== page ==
Linux has two excellent bootloaders: GRUB (the Grand Unified Bootloader) and LILO (Linux Loader). GRUB is newer and more capable than the elder LILO. Both are flexible, configurable, and capable of managing complex boot scenarios, such as multibooting several different operating systems or different Linux kernels, and passing in boot-time kernel options.
If you’re still running LILO, it might be worth considering migrating to GRUB. While they work similarly, there are four major differences that set GRUB apart:
You can discover boot images, kernels, and root filesystems from the GRUB command shell.
GRUB stores boot information in a filesystem, rather than in the master boot record (MBR).
GRUB reads filesystems and kernel executables, rather than inflexibly restricting the user to disk geometry.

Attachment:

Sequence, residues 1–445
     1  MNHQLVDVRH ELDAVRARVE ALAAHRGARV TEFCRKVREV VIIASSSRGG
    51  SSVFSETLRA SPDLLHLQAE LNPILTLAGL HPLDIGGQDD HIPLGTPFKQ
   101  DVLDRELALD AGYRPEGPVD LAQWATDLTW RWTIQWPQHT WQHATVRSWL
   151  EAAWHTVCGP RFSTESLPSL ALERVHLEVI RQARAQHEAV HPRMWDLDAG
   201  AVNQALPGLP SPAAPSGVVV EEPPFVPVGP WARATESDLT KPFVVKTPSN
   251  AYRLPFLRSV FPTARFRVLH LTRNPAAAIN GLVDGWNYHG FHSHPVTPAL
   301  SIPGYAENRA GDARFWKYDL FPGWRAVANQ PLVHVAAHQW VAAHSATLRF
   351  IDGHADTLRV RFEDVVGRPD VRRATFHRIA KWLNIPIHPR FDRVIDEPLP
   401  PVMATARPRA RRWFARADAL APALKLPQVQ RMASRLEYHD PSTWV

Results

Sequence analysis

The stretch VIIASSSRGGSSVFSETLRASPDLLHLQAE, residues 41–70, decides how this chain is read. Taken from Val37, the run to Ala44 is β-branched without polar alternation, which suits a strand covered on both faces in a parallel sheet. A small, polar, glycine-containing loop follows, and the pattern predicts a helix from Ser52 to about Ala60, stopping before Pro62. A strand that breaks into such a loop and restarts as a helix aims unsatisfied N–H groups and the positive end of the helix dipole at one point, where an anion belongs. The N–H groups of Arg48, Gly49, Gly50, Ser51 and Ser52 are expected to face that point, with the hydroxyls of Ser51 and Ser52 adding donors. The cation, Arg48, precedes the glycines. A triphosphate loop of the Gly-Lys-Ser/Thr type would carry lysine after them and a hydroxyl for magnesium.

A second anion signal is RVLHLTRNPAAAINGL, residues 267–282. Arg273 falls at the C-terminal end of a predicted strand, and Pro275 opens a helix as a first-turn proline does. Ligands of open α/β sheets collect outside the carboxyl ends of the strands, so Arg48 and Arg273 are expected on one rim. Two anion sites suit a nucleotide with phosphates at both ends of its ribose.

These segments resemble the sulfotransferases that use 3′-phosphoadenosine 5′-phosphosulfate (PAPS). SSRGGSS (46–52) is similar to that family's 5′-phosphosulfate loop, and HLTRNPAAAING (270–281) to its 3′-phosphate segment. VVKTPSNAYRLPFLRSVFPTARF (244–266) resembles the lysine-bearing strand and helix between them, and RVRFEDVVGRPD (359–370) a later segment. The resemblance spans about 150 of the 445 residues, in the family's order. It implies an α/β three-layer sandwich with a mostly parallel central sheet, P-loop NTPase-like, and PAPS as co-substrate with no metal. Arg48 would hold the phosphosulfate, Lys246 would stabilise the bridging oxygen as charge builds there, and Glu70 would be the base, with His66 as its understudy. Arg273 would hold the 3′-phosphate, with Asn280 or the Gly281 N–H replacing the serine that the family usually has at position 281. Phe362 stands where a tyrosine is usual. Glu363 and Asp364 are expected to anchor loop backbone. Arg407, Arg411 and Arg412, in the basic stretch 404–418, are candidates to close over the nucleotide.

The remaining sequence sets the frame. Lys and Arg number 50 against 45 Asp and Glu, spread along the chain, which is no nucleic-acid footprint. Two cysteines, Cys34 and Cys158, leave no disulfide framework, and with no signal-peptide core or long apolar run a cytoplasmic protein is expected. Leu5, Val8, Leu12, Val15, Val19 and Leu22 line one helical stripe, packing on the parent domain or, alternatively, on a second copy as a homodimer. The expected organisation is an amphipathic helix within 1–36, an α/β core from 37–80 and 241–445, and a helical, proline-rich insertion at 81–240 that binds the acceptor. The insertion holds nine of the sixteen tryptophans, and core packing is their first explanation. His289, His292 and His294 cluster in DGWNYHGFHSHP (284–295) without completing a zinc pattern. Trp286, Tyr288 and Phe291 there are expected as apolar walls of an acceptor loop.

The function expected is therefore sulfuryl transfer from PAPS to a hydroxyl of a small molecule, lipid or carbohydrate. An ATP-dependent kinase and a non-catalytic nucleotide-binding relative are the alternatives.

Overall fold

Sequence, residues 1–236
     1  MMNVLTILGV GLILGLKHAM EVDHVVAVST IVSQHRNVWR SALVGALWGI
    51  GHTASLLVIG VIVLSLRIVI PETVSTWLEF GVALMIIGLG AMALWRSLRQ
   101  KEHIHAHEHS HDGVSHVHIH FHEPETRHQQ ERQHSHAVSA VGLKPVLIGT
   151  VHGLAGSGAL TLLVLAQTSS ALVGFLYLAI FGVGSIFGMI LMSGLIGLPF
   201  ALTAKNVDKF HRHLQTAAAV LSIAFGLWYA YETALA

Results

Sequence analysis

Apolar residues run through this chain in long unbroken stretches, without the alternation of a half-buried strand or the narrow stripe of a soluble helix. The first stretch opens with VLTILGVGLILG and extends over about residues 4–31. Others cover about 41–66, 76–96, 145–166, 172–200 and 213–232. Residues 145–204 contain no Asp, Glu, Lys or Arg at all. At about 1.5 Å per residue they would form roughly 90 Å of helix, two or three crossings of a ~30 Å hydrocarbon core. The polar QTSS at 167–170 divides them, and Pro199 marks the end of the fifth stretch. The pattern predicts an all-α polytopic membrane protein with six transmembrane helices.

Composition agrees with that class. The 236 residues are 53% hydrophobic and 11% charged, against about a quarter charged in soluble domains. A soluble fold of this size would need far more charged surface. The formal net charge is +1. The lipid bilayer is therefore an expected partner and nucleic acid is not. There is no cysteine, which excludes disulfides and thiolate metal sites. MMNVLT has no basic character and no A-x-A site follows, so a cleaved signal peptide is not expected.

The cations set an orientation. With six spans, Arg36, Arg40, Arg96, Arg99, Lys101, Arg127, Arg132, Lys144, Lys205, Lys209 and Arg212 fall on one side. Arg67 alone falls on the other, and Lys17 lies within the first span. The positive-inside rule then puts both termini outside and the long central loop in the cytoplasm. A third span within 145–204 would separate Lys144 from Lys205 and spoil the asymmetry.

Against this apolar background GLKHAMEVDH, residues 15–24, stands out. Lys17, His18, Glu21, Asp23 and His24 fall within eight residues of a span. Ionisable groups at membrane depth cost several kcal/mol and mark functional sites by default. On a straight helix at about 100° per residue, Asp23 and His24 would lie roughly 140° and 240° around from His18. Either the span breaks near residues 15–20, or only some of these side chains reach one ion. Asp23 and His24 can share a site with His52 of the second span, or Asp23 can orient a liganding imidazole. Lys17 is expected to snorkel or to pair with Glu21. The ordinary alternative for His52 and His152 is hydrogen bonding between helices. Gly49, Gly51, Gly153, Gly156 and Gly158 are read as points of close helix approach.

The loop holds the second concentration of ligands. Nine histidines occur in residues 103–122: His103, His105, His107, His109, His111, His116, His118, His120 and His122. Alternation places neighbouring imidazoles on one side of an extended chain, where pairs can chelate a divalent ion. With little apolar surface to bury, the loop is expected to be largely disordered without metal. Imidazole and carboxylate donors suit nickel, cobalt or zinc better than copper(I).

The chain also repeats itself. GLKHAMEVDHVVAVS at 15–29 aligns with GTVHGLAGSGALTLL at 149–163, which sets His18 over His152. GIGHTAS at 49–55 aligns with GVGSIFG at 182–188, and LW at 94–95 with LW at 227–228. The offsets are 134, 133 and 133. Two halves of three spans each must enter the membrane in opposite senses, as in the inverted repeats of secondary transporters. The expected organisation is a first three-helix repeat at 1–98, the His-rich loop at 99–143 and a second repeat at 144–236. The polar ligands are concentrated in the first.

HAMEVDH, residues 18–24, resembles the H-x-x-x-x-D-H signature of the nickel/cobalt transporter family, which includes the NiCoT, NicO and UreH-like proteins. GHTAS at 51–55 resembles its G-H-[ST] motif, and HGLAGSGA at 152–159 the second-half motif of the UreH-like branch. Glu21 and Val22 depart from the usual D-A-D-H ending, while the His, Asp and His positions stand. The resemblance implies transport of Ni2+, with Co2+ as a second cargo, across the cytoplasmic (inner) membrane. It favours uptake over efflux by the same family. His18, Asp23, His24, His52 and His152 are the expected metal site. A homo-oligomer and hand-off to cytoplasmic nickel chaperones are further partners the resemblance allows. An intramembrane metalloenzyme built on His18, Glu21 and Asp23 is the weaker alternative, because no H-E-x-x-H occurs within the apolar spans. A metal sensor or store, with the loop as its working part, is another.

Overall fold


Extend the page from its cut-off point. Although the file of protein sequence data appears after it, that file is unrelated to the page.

And best of all, GRUB is completely operating system-independent. If you install GRUB into a separate boot partition, you can remove and reinstall operating systems to your heart’s content, without having to reinstall the bootloader every time.
Both GRUB and LILO can boot non-Linux operating systems, such as Windows, OS/2, the BSD Unixes, and so forth. For operating systems that they cannot boot directly, such as Windows, GRUB and LILO employ chain loading . That is, they point the way to Windows’s own bootloader.
The MBR is the first 512 bytes of the first sector of the first partition on the drive. It contains the partition ...